I had a call last month with some smart people who were new to email marketing. It was concerning to me how misunderstandings were driving their efforts — and dooming their program. Here’s how to avoid the same fate.
Misunderstanding #1: You need a large email list to be successful
There’s no magic ‘threshold’ on list size; you can have a list of a million that performs poorly or a list of 5,000 that’s profitable. The key to success with a list is the quality of the people on it.
So what makes a quality list? Here are a few keys to success:
- people who are in your target audience
- people who have a relationship with your brand
- people who will find the content you send them relevant
- people who are in a position to purchase your product or service
The misunderstanding here is focusing on quantity over quality. Notice that the first word of each of my keys to success is ‘people’ — not email addresses. Your list is made up of people, it’s more than just a numbers game.
Misunderstanding #2: Email list growth is effortless
For most organizations, your website is ground zero for list growth; the majority of people visiting your site are in your target audience and would be good candidates for your email list.
But not always. In this case, the email sign-up had been in a prominent location above the fold on their website — but the only people who signed-up for email were outside the target audience, not potential customers. So they moved it to the footer.
Did this stop a large number of unqualified prospects from signing up each month? Yes. But it also pretty much stalled their list growth. Now they had maybe a handful of new email sign-ups a month, and even they weren’t great quality.
So not a great solution. The keys to success with email sign-ups are:
- Location: above the fold on each page of your website is best
- Traffic: website visitors who are in your target audience
- Copy: a sign-up that showcases the value of the email relationship
Rather than just giving up, be sure to test all three of these elements. My guess is that the site is getting a low level of traffic and that most of these people aren’t qualified prospects. The solution here is to invest in search engine optimization, perhaps along with other channels, to make sure your site is attracting your target audience.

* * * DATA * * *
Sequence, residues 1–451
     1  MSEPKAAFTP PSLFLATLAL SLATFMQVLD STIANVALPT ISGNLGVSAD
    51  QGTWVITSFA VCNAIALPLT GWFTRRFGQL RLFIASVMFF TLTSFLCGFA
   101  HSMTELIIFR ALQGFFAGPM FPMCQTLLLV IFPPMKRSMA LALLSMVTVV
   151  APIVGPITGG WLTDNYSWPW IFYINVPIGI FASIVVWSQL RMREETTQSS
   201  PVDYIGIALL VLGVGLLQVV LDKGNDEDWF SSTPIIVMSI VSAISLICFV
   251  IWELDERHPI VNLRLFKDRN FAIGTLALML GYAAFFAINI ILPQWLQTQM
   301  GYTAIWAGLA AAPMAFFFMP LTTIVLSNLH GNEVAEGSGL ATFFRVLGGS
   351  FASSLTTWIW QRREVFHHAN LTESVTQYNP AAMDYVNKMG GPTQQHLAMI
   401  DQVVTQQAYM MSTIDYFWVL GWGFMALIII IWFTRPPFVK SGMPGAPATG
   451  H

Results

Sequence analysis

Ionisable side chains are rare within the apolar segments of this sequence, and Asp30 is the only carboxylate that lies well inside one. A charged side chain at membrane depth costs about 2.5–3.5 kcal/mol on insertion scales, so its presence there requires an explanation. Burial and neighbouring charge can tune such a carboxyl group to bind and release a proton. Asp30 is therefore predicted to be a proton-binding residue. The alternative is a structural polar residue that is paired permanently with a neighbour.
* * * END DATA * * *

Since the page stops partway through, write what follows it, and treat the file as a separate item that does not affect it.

The value proposition in their sign-up also needed some work. No one needs another email in their inbox — but if your email content will help the visitor do their job better, enjoy a hobby more or enhance their life in some other way, people will be motivated to sign-up.
Misunderstanding #3: You can only send one type of email
The third misunderstanding is perhaps the saddest. The idea that you have to choose, that it’s this OR that, not this AND that:
- newsletters or promotions, or
- long messages or short alerts, or
- webinar invitations or white paper offers, or
- automated trigger emails or business-as-usual campaigns
One of the best things about email marketing is the versatility. Email is a pipeline — and you can send pretty much anything you want through it, at any time. And the best email marketing strategies leverage this to the hilt, so you could send:
- weekly email newsletters (60% editorial, 40% promotional)
- monthly promotions (100% promotional)
- short alerts when there’s a bit of industry news
- more in-depth messages when something that will have a large impact on the industry happens
- invitations to attend your quarterly webinars
- white paper offers every other month
- triggered follow-ups to those who download white papers
- business-as-usual emails to announce partnership agreements
Now, it would take some time to build out a program with this many elements. The key to success is to prioritize based on resources needed and potential impact. Start with the things that will produce the biggest bang for your company with the smallest investment. Then keep adding.
So where to start?
There are lots of good resources out there for new email marketers, to help you bypass the misinformation and misunderstandings and get to the heart of what you need to know to be successful.
Here are a few I used as this semester’s reading list for the email marketing unit of my Georgetown University class:
The Ultimate Guide to Email Marketing, Christina Perricone for the Hubspot, October 30, 2019
Email Marketing: How Hard Can It Be? Derek Harding for the eec, November 26, 2018
The Future of Email Marketing & Marketing Automation | 2020 edition, Jordie van Rijn for EmailMonday
What Is Email Automation? Definition, Benchmarks, Marketing Best Practices with Examples, Chiradeep BasuMallick for Martech Advisor, November 20, 2019
Email marketing can be very profitable, and a lot of fun, when you can bypass the misunderstandings. Do a little reading, then see what you can do to make your email marketing program more successful. Let me know how it goes!